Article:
Key highlights of the program:

  • 53 physicians with a special interest in dyslipidaemia participated in the program
  • Participants most commonly committed to developing a lipid service within 6 to 12 months
  • 100% of survey respondents said the program helped motivate them to implement and build their lipid service

Importantly, some of the outcomes and statements of intent arose from these workshops as people collectively noted they needed to:

  • Recognise barriers/stumbling blocks
  • Establish a model of care and public clinics
  • Visit existing lipid clinics as models of best practice
  • Promote lipid and CV prevention service in local area
  • Start small, scale up
  • Improve existing service
  • Obtain funding for cascade testing
  • Explore funding models
  • Improve GP/non-GP specialist communication
  • Work closely with GPs regarding a multidisciplinary approach
  • Identify suitable partners (e.g. cardio-diabetes)
  • Enquire about access to support staff from existing services
  • Engage allied healthcare professionals for an integrated approach
  • Establish a service for those at high risk of CV and familial hypercholesterolaemia
  • Improve the use of genetic testing for relatives of index cases
  • Explore how to use a registry

We saw elements of the ERIC framework were used throughout. The ERIC framework gives a good set of strategies to enable service development using an implementation science approach. Skills training in implementation science and practice is recommended in order to improve service delivery in healthcare, and particularly in the context of developing preventative cardiology, cardiometabolic medicine and constituent specialities,” noted Prof. Watts.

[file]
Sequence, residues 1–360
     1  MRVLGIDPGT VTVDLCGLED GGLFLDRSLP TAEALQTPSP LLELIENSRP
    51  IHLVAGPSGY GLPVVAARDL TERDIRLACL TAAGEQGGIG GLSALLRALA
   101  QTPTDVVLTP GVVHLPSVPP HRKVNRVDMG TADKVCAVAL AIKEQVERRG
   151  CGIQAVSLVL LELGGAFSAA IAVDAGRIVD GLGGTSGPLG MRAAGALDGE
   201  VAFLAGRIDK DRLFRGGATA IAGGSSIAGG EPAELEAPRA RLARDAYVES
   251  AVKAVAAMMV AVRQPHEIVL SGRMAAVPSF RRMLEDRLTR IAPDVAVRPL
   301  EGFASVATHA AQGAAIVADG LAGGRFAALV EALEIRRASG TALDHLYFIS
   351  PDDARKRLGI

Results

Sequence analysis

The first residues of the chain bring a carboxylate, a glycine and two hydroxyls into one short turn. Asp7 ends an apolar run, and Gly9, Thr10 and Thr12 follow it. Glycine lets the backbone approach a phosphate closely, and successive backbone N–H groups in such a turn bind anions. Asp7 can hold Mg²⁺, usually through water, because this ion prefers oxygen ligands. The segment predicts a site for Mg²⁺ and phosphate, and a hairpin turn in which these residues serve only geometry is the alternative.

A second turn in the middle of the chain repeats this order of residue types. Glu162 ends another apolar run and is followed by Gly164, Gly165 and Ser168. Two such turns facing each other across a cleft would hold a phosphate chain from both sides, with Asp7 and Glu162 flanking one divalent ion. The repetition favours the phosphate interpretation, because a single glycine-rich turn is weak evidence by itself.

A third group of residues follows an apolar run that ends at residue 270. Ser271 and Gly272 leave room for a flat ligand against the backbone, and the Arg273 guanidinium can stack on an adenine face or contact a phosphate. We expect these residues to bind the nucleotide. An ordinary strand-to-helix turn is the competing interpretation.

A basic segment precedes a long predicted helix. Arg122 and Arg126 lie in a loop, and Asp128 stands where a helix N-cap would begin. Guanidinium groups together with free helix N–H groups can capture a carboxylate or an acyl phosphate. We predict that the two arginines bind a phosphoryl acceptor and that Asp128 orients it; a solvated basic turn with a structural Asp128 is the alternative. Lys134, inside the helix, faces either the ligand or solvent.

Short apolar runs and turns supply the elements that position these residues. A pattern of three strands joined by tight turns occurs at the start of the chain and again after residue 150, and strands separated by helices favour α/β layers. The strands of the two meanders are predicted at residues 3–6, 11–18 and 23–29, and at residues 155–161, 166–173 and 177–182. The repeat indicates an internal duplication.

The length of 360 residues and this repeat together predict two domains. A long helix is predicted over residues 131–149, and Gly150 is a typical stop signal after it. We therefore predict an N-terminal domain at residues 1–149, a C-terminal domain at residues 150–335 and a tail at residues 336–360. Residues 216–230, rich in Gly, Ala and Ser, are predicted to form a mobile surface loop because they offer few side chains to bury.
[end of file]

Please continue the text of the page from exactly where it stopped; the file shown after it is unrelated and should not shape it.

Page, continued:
A metaphor as a cognitive tool for the steps to implement a plan

 

 

The “six-action shoes” metaphor devised by Edward de Bono is a tool for taking action having decided on an implementation strategy. It’s a reminder of the steps you need to take,” explained Prof. Watts. “When you want to take action, someone has to put on the purple riding boots at the top. The navy formal shoes represent the protocols and formal procedures, also a must. There’s a time for the grey sneakers to be on the lookout for new information coming in all the time. Things will be tough going at times, and you need to be able to put on the brown brogues to take the sensible course of action, while for those emergency times in the clinic, the orange gumboots need to be put on. But don’t forget the pink slippers – because after all we’re human and need to act with compassion towards patients and colleagues alike. I like this metaphor for the way it relates to setting up a best practice service,” said Prof. Watts.

Finally, you do need to be a good communicator to be an effective implementationist, and bring about a change in behaviour, particularly as you need to interact and engage with patients, healthcare providers and organisations,” concluded Prof. Watts.

References:

  1. Bauer et al. BMC Psychology 2015;3:32.
  2. Powell BJ et al. Implementation Science 2015;10:21.

Already a member?

Login to keep reading.

OR
Email me a login link
logo

© 2022 the limbic